Unless you’re in the business of Information Technology Security, you likely have many holes in your security.  After all, it’s not a core competency, so it shouldn’t be a surprise if you don’t have everything nailed down.  Even if you’re a IT Security expert, there are likely some holes in your security.  If you don’t perform internal security audits, you should probably contact that work out on a regular basis.

There are many providers out there who would be happy to provide various levels of security audits, from simple network probes to sophisticated ‘social networking’ attacks.  Maybe you’re running an older firmware version on your firewall, or have ports that were left open for an old project.  Maybe you haven’t updated some of your software and there’s a known exploit out there that could allow nefarious individuals into your network.  Maybe your staff are just too trusting and need to be educated how to deal with threats.   Just like you go to a specialist if you have a thyroid problem or suffer from migraine headaches, you should seek the assistance of a security specialist.

However, simple having a security audit performed is not enough….you must follow their recommendations and plug any holes they find.  Unfortunately, many companies who contract an external security audit do not use the audit findings to secure their network.  Either they’re unable to get buy-in from management and earmark the funds necessary to address the issues, or they were compelled to have the audit done for some reason and have no interest in responding to it.  This is as irresponsible as going to your doctor because of some complaint and then ignoring her recommendations and prescriptions.


#10 – Do You Have Complete Network Documentation?
As any who know me can attest, Network documentation is a cause of mine.  I frequently have to come into an existing network and try to figure out how things are done because there is no documentation.  Or, worse yet, documentation exists, but it’s inadequate, incomplete or inaccurate documentation.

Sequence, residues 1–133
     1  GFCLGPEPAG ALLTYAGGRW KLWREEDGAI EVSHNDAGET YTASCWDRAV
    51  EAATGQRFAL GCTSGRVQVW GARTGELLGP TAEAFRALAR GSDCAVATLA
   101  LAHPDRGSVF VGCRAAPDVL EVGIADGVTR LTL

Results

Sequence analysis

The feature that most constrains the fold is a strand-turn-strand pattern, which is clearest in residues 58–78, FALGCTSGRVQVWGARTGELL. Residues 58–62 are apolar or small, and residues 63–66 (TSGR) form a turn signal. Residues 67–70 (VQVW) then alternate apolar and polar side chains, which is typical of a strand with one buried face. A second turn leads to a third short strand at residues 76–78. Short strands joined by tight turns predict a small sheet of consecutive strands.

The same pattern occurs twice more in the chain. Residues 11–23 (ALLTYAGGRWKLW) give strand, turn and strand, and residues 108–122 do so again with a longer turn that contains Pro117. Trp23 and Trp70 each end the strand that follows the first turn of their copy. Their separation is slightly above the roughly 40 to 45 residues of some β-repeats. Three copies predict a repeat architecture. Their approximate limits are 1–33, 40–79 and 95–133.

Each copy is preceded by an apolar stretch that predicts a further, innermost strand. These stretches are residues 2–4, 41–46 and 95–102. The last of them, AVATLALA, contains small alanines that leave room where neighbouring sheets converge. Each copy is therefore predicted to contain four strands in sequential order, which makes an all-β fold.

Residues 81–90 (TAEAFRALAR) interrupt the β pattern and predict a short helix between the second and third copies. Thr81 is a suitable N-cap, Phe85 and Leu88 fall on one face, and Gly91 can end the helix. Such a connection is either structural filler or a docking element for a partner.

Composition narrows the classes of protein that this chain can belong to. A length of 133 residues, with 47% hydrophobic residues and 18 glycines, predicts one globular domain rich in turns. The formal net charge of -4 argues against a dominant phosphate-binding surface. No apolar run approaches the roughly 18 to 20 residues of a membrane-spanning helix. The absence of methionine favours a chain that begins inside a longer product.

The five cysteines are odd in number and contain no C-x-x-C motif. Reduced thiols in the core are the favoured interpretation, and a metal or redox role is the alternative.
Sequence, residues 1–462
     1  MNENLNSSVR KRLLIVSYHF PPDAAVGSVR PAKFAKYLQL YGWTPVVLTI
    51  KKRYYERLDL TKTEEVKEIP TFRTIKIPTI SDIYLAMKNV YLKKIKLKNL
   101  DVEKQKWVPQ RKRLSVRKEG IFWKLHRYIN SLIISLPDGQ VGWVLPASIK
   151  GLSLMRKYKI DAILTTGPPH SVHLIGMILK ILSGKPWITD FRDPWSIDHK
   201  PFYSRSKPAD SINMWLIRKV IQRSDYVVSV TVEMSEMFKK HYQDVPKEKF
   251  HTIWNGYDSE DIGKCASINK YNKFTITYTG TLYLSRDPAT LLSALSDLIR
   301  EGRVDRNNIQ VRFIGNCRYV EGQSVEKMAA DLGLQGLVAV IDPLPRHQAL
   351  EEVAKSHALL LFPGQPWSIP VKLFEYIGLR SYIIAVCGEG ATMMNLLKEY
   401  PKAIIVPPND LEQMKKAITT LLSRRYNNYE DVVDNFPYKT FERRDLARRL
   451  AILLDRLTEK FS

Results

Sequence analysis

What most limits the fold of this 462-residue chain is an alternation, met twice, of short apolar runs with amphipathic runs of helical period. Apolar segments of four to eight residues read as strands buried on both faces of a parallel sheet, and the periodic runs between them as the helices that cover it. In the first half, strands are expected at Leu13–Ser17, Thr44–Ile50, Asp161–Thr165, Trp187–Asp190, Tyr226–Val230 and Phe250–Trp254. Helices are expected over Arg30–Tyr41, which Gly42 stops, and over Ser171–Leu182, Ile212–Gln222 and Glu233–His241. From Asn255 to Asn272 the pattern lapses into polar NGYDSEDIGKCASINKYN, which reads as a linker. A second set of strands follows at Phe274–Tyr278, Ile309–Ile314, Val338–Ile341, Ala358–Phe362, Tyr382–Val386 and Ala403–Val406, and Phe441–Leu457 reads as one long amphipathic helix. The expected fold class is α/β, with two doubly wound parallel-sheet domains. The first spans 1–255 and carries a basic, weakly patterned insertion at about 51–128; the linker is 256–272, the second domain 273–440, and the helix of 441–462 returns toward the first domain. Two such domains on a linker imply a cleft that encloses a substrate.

Network documentation should cover everything in your environment – servers, workstations, print/scan, backup, your cabling infrastructure, your telephony, etc.  If it’s something your responsible for, you should have documentation for it.

People are often unwilling to devote the time to develop good documentation.  Either they feel they’re too busy, or they feel that they have a good handle on things on their own.  Or, they may feel that not making documentation available is some sort of job security.

Good documentation should enable anyone to get into your systems and do the work they need to do.  This includes a consultant assisting with an Office 365 migration, an IT intern adding a new network printer, or your replacement attempting to determine what equipment should be upgraded in the coming years.  Good documentation should also allow you to completely replace everything should Aliens ever take your building – inventory of all hardware and software, contracts, contacts, notes, configurations, etc.